Steely Resolve: This Vision Thing
"When you have a vision, a very clear vision of what you want to look like then you cannot wait to do the next set, or the next exercise, or the next rep, because you know that each rep you're doing, each set you're doing, each weight you lift you get closer to turning this vision into reality." - Arnold Schwarzenegger
I was a competitive sailor as a kid, and by ‘competitive’ I mean I competed, and was highly competitive. I absolutely hated losing. I broke the sport down into components: technique, rules, fitness, equipment, etc. I felt 100% confident that no one outworked me in any area. Going into major championships I was as prepared as anyone. The only thing that could keep me from winning was me, or more specifically, my mind.
But I had no experience in training my mind per se. For my body I could replicate my sailing idols and do wall sits for hours on end while I read my homework down in our basement (yes, I actually did this. Behind every world champion is some kid willing to put in the work away from the court, far from the lights and fans, typically in a garage or basement or some dingy place).
To strengthen this key component of my path to victory, I started reading books like The Inner Game of Tennis which was one of the original self-help/sports psychology books. I also hired a mental coach (he probably had a fancier name) who taught me the finer aspects of visualization, anchoring, etc. We included music as part of my competition mental preparation, the Song of the Week below being the music I would listen to in order to get into the ‘Zone’. It was incredibly powerful. My next competition, a national championships, I ended up winning 6 of 7 races, taking 2nd place in the other (and being very upset for not winning every race…did I mention I was highly competitive?!?).
That experience made be a big believer in the connection between the mind and body, the brain and performance, be it sports, arts, business, or relationships/life in general. It is not coincidental that many top performers practice visualization as part of their routines.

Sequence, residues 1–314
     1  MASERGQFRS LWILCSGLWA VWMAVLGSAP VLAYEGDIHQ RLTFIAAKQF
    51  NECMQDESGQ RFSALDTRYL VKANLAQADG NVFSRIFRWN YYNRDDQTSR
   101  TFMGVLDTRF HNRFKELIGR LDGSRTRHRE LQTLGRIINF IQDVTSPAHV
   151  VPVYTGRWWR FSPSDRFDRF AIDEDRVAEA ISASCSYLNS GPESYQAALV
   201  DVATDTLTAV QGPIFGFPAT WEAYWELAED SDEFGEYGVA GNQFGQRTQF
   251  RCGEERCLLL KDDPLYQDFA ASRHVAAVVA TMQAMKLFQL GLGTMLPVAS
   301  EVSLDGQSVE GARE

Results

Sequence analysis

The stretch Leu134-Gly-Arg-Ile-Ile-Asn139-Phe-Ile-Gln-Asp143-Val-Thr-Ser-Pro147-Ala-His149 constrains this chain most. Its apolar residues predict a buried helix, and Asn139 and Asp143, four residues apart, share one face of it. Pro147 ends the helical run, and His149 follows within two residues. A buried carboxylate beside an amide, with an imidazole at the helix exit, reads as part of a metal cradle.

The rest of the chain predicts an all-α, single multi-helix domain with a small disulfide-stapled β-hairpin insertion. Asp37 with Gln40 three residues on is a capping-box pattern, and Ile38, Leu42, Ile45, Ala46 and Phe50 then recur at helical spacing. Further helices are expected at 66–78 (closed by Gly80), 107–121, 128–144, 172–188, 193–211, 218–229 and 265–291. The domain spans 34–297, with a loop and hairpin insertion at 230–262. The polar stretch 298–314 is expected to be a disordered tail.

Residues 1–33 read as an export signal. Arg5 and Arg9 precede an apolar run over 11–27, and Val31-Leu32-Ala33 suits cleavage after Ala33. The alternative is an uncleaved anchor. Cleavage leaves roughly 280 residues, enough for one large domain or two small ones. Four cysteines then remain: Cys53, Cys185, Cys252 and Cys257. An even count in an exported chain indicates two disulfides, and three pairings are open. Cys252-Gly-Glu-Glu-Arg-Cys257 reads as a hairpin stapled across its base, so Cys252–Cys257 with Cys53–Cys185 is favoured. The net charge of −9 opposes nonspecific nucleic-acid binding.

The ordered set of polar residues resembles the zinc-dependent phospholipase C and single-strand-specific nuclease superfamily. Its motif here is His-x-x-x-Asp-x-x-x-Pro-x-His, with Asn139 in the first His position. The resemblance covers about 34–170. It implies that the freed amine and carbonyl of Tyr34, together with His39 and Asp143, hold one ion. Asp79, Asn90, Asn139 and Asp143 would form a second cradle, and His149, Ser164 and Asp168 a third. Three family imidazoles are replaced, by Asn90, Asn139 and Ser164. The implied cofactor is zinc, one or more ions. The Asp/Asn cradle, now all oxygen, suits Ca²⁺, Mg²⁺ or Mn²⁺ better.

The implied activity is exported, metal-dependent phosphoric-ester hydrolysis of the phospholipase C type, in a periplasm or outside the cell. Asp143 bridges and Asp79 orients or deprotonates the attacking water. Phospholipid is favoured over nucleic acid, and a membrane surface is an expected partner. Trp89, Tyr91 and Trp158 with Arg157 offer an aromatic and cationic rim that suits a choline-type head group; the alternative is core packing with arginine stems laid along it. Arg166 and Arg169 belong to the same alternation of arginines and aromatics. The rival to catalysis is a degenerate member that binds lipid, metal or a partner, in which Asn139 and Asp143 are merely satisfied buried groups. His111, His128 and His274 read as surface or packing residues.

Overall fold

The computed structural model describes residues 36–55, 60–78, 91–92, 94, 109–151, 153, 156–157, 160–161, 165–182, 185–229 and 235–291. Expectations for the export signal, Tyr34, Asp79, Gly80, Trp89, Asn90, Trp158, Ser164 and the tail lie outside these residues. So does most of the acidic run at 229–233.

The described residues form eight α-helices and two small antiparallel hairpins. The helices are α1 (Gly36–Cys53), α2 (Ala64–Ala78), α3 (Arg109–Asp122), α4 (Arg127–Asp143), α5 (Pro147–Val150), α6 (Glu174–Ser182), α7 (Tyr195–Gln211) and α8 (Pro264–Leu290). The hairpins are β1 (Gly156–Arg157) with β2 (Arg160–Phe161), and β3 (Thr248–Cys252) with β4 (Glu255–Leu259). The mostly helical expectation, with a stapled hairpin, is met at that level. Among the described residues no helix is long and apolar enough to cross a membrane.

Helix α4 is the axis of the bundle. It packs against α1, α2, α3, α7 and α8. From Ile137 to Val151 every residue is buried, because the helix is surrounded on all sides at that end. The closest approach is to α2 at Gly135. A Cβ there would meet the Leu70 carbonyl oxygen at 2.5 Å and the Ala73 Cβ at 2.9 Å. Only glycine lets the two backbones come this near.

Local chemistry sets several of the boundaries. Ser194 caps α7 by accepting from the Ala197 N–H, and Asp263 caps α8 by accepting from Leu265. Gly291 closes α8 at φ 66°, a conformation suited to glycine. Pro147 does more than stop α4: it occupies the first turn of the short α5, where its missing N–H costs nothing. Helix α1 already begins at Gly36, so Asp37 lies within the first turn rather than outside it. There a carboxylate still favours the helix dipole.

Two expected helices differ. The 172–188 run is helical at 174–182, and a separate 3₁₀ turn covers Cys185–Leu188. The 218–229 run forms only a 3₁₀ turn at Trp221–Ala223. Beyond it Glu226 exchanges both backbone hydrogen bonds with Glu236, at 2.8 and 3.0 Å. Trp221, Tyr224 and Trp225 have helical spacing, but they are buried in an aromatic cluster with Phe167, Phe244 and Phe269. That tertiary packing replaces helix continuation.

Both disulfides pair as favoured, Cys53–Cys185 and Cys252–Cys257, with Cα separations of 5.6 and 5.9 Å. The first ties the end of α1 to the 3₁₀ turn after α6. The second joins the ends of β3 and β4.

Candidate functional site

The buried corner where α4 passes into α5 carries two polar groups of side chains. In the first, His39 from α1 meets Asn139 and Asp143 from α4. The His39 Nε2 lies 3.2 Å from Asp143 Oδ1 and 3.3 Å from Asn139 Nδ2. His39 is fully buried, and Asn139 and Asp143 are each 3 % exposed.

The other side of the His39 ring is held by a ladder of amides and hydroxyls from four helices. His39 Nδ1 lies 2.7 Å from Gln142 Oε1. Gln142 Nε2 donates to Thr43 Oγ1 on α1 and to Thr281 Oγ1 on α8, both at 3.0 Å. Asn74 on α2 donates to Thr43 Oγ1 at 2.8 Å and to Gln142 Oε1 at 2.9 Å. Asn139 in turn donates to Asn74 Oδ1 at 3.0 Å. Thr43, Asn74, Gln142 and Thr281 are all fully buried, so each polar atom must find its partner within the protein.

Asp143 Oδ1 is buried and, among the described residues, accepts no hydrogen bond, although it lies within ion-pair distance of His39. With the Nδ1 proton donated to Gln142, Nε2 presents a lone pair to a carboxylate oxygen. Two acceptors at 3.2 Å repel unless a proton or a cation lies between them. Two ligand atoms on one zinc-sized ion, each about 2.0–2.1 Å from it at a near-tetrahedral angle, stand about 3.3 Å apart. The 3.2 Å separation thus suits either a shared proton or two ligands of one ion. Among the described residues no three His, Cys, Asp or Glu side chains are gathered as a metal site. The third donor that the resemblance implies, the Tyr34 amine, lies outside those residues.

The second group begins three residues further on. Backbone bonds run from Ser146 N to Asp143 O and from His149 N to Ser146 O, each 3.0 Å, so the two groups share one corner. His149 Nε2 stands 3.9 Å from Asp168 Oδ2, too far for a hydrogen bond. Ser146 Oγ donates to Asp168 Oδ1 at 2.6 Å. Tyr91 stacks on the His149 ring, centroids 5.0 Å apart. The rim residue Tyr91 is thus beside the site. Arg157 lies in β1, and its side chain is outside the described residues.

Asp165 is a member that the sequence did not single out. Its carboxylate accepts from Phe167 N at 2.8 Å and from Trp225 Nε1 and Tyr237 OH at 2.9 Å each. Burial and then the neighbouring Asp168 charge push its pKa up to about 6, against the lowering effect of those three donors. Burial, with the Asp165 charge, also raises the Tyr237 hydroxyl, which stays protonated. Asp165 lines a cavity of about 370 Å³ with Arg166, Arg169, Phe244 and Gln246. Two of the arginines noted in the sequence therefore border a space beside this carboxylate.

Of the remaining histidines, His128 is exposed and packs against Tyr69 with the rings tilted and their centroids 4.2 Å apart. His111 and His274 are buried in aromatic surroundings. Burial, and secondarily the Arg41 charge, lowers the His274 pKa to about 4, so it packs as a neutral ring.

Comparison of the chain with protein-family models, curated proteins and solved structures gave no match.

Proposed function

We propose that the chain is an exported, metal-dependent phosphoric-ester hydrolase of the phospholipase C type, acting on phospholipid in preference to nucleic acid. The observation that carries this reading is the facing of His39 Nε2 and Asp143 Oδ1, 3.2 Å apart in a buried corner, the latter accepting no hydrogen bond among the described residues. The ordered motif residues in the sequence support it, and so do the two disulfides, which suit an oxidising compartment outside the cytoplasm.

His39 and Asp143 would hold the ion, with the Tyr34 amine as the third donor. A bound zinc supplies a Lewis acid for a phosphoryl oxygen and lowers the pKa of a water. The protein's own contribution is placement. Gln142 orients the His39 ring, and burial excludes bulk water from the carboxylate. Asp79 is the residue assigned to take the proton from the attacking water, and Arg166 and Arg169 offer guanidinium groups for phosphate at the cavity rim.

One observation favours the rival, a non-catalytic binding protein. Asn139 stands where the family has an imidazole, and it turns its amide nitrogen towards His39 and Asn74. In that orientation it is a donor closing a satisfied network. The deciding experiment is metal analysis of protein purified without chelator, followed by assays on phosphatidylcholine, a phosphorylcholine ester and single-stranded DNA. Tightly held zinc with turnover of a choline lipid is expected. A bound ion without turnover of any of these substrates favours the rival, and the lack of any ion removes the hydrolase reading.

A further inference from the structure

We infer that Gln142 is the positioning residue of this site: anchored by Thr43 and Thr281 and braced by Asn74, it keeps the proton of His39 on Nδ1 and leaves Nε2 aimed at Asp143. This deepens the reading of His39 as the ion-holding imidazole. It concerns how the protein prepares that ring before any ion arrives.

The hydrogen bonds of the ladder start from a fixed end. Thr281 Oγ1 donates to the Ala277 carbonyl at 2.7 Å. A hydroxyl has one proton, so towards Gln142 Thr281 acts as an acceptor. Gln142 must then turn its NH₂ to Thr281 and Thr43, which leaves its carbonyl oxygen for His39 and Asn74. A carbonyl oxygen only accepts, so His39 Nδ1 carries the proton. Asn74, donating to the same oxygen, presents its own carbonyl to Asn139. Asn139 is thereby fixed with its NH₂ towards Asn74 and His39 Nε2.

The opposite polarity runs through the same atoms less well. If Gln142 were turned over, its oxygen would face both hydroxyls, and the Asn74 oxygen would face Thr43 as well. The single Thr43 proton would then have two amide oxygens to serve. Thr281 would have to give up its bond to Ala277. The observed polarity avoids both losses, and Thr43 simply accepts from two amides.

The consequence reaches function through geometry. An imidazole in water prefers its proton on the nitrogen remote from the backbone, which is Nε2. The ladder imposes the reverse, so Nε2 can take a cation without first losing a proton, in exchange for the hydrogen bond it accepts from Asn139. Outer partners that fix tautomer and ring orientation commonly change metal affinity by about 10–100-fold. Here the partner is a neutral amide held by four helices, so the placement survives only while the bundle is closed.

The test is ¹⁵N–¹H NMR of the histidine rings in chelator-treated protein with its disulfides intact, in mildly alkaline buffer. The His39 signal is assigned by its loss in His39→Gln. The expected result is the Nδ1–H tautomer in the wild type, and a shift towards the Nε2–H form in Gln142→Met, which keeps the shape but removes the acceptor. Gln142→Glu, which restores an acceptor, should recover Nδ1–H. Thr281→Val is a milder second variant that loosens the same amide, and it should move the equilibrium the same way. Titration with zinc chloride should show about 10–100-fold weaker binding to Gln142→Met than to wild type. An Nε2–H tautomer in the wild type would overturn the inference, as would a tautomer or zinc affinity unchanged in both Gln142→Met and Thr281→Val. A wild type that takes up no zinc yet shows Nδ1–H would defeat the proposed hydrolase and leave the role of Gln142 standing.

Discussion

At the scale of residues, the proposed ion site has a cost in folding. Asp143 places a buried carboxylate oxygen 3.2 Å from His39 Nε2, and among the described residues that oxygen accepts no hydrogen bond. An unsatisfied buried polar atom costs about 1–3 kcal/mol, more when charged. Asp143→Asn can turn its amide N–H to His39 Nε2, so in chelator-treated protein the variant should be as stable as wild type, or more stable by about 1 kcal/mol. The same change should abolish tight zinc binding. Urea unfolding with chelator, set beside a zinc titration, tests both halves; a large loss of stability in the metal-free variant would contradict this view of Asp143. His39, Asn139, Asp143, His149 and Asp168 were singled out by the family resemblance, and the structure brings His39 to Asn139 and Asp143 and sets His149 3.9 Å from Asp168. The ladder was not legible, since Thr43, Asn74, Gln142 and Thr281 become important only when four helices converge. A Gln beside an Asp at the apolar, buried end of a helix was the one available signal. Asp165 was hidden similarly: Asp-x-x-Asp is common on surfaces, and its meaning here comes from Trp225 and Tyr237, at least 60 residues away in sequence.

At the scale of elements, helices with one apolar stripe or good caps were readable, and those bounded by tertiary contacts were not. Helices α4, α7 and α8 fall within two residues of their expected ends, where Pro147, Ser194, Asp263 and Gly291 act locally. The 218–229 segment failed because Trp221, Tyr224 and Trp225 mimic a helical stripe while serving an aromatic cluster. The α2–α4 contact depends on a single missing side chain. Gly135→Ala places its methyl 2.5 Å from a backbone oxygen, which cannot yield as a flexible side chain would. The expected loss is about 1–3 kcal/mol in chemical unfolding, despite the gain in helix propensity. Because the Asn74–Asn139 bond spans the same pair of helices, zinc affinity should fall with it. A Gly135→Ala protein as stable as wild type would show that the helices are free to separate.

You don’t need to be a world class athlete to benefit from the power of visualizing. You can build it into your morning or night time routine to improve myriad aspects of your life. Just pick some upcoming event – a business meeting, a date, a workout, anything that you have some apprehension about and/or you want to ensure optimal performance on. As with meditation (which, generally defined, involves more of emptying the mind of all conscious thoughts, whereas visualization involves identifying a specific situation and picturing yourself navigating it successfully), keep the process as simple as possible. Each morning I will picture 2 or 3 things that are important for me to accomplish that day. Perhaps I have an important meeting. I will literally picture myself at the meeting, being confident, getting my points across, achieving the desired outcome. If I have some particularly hard workout scheduled, I’ll visualize myself being very focused, highly energetic, digging deep and giving 100%.
Those who downplay or even flat out refuse to believe in the power of visualization either haven’t tried it, or fail to do the other things needed for success in a given undertaking. To be sure, you can’t wish your way to losing weight, you can’t picture yourself to becoming a great piano player, and you can’t visualize your way to being a world champion. You still need to do the other work – physical, technical, etc. However, one piece – BIG piece – of the equation many people take for granted or fail to address, is the power of the mind. Take a few minutes (that is all it requires) to visualize some upcoming event that you want to go well. Really commit to it. Visualizing does not guarantee success, just like practicing free throws for hours on end does not ensure you’ll make the clutch shot at the end of the big game. But it sure increases the chances of the desired outcome. The potential return on investment of time is significant.
Song of the Week